The Security Council today extended the mandate of the United Nations peacekeeping force in Cyprus, known as UNFICYP, while urging the leaders of the Mediterranean island’s Greek Cypriot and Turkish Cypriot communities to pick up the pace of their reunification talks.
The Council decided, with Turkey voting against, to keep the mission – which has been in operation since 1964 after the eruption of intercommunal violence between the Greek Cypriot and Turkish Cypriot communities – in place until 15 December 2009.
In May 2008, Greek Cypriot leader Dimitris Christofias and Turkish Cypriot leader Mehmet Ali Talat committed themselves to working towards “a bicommunal, bizonal federation with political equality, as defined by relevant Security Council resolutions.”
That partnership would comprise a Federal Government with a single international personality, along with a Turkish Cypriot Constituent State and a Greek Cypriot Constituent State, which will be of equal status.
In today’s resolution, the 15-member Council stressed “that there now exists a rare opportunity to make decisive progress,” commending Mr. Christofias and Mr. Talat for their political leadership and welcoming progress made to date.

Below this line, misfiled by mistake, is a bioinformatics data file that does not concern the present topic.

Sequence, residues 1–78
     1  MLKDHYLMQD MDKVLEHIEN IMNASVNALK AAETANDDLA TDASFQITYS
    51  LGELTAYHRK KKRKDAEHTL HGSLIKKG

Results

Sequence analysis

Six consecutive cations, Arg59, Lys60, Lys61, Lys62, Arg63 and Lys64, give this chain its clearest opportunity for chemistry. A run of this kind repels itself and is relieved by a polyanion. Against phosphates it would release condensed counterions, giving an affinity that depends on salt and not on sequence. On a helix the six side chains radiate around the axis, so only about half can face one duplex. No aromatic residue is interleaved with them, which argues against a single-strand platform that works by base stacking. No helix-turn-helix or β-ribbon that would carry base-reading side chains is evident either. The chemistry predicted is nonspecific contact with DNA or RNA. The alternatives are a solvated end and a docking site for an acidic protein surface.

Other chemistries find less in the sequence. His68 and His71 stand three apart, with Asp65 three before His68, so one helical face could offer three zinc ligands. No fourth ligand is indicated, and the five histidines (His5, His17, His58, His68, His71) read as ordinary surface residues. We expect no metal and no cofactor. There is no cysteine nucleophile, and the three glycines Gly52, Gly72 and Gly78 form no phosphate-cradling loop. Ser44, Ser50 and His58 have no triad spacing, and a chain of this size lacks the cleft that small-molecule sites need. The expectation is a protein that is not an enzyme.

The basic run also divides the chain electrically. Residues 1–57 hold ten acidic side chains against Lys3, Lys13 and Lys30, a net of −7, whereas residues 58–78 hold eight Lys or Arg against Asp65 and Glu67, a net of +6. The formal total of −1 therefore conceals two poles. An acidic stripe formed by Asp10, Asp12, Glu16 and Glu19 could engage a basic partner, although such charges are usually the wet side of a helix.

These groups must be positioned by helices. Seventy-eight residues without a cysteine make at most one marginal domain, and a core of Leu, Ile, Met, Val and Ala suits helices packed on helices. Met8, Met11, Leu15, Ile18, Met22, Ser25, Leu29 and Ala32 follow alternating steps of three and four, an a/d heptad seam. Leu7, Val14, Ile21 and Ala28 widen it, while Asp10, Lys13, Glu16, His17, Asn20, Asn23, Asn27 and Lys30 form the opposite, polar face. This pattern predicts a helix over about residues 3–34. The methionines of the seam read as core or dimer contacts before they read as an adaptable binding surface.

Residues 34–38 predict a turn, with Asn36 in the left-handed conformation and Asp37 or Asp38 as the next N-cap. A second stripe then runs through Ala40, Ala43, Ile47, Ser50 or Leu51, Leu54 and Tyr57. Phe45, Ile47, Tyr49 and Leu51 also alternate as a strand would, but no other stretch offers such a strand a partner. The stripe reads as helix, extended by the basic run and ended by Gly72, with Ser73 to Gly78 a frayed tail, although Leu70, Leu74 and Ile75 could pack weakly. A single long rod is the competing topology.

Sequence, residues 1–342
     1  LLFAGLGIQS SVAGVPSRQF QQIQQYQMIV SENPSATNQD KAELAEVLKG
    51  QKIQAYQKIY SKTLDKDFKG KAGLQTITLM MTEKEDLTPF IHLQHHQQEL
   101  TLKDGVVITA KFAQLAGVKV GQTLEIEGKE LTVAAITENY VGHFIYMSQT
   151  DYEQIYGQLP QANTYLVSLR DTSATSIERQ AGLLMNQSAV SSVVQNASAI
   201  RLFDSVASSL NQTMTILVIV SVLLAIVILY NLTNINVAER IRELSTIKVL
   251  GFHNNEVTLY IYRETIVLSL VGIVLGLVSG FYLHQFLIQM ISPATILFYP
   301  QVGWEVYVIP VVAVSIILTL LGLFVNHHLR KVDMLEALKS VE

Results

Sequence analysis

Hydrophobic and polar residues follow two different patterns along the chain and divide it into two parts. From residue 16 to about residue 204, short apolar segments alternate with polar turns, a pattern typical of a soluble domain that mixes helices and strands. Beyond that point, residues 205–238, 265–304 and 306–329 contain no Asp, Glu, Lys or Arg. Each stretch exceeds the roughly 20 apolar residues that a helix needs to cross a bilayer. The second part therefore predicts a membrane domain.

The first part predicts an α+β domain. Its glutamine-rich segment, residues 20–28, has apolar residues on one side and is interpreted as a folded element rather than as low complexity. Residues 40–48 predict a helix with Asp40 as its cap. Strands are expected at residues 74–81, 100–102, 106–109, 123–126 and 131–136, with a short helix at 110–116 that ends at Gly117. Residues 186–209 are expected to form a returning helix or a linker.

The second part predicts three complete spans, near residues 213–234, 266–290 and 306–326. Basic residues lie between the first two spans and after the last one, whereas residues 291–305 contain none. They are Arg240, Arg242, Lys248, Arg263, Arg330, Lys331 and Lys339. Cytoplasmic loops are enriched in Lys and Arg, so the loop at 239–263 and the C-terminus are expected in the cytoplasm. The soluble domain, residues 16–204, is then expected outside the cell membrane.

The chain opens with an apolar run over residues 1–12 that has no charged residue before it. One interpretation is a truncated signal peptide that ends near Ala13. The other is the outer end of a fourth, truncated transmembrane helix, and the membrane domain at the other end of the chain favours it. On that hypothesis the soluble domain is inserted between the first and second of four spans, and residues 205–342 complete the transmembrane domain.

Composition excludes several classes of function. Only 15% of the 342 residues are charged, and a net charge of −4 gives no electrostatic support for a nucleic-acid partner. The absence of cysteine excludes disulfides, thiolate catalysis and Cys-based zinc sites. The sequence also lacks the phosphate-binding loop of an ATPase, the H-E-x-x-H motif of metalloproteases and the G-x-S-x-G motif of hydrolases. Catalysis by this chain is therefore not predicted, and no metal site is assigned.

“I see a need for an increase in the pace of the talks as the sides start to address issues more holistically,” he wrote. “Indeed, the parties themselves recognize that a settlement will be harder to reach as each day passes without a solution.”
Mr. Ban credited the “close relationship” of the two leaders for a lessening of the “mutual public recriminations” that were more prevalent in the past, but said it was discouraging that polls have revealed a high level of scepticism among the populations regarding the negotiations.
Mr. Christofias and Mr. Talat have met dozens of times since full-fledged power-sharing negotiations began last September, with their latest talks having taken place yesterday in Nicosia.
In a related development, Alexander Downer, the Secretary-General’s Special Adviser on Cyprus, will host a new initiative to highlight the artistic achievements of people living on the island in a bid to bridge the communal divide.
“I’m a great believer in the power of art to soothe, but also to provoke reflection,” he said.
The exhibition, to be inaugurated in July, will display paintings and mixed-media pieces inside the premises where the leaders of the two communities hold their talks.